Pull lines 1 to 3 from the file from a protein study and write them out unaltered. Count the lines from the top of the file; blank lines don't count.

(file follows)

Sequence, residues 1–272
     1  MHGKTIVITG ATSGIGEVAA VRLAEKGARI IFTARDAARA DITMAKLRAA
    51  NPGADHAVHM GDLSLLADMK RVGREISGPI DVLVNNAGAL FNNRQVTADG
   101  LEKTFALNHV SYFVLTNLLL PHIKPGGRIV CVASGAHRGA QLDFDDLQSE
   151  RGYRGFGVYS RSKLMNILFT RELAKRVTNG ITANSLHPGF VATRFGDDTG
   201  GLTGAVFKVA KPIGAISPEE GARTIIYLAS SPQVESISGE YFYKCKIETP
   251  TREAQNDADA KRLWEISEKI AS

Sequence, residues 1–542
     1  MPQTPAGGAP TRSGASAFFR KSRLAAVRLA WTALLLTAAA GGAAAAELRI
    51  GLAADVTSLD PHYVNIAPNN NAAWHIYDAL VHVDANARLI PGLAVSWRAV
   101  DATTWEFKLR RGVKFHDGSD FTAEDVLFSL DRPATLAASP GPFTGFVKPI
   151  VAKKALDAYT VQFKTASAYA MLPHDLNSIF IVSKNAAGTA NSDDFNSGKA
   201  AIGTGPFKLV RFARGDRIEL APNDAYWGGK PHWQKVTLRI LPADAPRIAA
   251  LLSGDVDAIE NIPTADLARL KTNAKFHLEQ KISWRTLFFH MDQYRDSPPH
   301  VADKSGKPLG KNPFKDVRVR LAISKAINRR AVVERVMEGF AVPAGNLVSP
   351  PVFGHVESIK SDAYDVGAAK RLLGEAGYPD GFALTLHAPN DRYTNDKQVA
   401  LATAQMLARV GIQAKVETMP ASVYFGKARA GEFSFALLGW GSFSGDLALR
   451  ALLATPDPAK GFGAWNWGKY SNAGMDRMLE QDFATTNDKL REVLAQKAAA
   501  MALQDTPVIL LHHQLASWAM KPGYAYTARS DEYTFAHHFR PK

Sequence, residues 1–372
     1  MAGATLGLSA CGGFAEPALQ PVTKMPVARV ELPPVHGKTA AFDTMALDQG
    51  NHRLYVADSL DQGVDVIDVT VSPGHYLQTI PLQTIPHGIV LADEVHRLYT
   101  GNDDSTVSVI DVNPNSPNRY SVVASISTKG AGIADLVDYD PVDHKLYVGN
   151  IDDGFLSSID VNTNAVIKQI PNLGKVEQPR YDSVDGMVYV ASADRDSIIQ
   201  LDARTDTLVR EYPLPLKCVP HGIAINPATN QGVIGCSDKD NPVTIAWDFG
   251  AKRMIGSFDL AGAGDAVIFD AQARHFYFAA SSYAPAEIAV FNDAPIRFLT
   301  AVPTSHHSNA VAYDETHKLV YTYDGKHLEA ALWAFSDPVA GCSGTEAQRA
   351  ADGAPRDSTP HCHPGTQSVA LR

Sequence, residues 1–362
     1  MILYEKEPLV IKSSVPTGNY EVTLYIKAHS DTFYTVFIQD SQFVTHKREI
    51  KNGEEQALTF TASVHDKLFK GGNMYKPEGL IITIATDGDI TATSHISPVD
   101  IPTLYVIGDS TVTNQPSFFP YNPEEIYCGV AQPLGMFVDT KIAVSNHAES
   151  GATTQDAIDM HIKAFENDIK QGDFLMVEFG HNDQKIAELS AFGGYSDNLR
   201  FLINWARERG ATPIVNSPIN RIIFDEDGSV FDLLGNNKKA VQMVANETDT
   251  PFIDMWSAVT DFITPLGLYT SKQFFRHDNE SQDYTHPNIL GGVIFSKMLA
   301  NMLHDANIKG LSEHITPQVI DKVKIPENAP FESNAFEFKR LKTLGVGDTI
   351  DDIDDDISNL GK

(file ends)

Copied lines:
Sequence, residues 1–272
     1  MHGKTIVITG ATSGIGEVAA VRLAEKGARI IFTARDAARA DITMAKLRAA
    51  NPGADHAVHM GDLSLLADMK RVGREISGPI DVLVNNAGAL FNNRQVTADG